The final objective was to determine the infiltration rate of water running through a stack.
    How fast water moves through is important in determining the potential for nutrients to leach through a stack on bare soil.
  • 25. Water infiltration rate
    Water flowed through the manure columns at an average rate of 11.46 seconds per inch of manure.
    One must take into consideration that in order to achieve these flow rates, one foot of head pressure was maintained.
  • 26. Water infiltration rate
    This type of pressure would not exist under field conditions.
    It would take approximately a 36 inch rainfall event to provide the amount of “rain equivalent water” as was used in this study.
  • 27.
  • 28. Conclusions for Phase 1
    Poultry manure has much less variation in nutrient concentration than most other types of livestock manure and appears to be more predictable than either dairy or swine manure.
  • 29. Conclusions for Phase 1
    Season has little effect on nutrient content for manure coming out of poultry barns.
  • 30. Conclusions for Phase 1
    Poultry manure holds tremendous amounts of water. Based on the data collected, poultry manure can hold 37% of its weight as water.
    Therefore, most rainfall events would be absorbed by a headland stack and not run off the pile.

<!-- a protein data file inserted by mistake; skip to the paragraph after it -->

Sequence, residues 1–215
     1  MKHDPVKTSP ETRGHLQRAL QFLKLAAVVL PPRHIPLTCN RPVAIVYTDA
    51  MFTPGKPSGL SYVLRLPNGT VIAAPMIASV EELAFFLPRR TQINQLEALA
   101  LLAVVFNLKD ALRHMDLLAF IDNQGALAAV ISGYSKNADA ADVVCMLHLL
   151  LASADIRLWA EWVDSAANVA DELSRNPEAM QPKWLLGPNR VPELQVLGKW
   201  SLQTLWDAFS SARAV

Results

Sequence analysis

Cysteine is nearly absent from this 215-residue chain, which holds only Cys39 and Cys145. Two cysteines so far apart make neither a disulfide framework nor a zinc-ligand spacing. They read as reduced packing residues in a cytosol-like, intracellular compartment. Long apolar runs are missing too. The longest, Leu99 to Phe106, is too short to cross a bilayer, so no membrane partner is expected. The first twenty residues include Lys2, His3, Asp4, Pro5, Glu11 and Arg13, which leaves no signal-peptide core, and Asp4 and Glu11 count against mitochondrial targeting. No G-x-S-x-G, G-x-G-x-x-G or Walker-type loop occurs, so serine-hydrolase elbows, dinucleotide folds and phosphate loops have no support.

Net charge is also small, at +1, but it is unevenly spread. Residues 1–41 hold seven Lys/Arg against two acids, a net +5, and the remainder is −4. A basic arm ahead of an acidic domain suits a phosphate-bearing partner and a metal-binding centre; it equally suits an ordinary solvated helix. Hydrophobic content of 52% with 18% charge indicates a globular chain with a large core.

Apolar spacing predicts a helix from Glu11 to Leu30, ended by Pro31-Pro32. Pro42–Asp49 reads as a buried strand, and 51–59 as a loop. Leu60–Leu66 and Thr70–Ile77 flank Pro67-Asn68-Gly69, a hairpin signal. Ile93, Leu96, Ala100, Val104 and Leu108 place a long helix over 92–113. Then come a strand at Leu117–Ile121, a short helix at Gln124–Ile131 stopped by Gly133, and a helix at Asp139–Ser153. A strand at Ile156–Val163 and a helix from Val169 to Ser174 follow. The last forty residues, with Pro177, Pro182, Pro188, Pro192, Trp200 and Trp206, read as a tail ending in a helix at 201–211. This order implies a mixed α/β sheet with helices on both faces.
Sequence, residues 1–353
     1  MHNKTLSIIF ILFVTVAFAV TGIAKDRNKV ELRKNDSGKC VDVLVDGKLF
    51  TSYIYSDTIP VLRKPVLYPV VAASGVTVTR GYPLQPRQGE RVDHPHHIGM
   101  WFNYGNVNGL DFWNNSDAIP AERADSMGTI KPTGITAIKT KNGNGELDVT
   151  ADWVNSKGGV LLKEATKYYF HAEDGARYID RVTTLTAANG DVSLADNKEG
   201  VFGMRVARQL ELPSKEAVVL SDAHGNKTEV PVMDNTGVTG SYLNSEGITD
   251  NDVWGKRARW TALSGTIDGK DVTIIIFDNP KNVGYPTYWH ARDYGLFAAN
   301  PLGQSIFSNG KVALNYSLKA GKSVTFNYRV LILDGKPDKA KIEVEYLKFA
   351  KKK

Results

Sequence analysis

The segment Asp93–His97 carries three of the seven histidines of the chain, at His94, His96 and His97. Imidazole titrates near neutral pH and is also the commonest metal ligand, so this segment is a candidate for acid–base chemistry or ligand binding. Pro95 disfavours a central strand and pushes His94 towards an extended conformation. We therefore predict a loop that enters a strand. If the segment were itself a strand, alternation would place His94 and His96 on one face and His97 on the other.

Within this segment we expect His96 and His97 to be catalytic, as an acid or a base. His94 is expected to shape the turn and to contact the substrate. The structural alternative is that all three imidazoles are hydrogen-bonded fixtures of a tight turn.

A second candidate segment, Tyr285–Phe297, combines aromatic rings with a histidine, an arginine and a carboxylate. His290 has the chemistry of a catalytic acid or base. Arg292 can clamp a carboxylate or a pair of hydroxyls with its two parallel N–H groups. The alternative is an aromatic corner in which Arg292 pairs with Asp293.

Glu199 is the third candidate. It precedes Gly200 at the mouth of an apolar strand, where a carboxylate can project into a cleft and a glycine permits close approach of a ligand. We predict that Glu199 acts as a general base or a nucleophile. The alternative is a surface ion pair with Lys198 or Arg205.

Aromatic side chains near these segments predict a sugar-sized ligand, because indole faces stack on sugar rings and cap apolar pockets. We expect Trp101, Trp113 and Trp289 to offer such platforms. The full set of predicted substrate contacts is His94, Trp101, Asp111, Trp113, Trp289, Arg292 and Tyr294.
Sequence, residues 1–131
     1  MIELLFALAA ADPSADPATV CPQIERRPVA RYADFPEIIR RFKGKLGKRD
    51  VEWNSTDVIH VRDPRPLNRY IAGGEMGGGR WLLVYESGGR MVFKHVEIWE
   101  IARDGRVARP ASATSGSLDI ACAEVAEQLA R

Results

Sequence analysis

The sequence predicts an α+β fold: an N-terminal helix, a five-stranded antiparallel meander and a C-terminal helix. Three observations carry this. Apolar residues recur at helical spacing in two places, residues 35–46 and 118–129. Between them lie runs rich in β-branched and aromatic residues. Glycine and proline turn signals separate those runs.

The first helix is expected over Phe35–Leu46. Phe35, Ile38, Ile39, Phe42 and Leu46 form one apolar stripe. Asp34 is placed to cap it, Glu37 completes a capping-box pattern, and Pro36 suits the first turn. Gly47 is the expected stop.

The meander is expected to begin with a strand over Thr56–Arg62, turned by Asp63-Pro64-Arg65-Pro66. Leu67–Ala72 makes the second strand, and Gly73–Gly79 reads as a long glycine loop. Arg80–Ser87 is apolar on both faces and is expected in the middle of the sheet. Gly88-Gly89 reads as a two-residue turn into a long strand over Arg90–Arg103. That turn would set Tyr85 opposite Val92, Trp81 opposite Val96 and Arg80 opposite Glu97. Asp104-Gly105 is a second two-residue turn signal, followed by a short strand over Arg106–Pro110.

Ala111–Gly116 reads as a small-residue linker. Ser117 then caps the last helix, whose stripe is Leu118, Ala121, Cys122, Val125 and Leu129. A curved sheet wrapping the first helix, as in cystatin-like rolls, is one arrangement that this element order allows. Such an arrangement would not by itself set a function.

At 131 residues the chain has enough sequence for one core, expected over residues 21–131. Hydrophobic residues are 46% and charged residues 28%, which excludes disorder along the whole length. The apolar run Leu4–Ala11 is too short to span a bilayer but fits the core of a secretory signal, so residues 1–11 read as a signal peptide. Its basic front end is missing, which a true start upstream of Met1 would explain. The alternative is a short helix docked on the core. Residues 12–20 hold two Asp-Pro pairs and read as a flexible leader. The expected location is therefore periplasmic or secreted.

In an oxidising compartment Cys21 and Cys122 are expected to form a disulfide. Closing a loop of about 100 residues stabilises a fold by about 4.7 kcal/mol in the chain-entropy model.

• 31. Conclusions for Phase 1
    Infiltration of water into dry poultry litter is moderately rapid. The rate under extreme conditions averaged 11.46 seconds/ inch.
    However, these conditions are not likely under field conditions, so the infiltration rate into a headland stack should be much less.
  • 32. Conclusions for Phase 1
    The tendency for poultry litter with similar levels of dry matter and organic matter to hold large amounts of water suggests that headland stacking of this material has very limited surface water and groundwater pollution potential.
  • 33. Information Available
    Briefs / Articles –summarization of factsheets
    Factsheets - six page factsheets that provide much of the information and data gathered through each phase of the study.
    Presentations – this is the second in a five part series on headland stacking of poultry manure
  • 34. For Additional Information
    http://www.uwdiscoveryfarms.org
    UW Discovery Farms
    40195 Winsand Drive
    PO Box 429
    Pigeon Falls, WI 54760
    1-715-983-5668
    jgoplin@wisc.edu or drframe@wisc.edu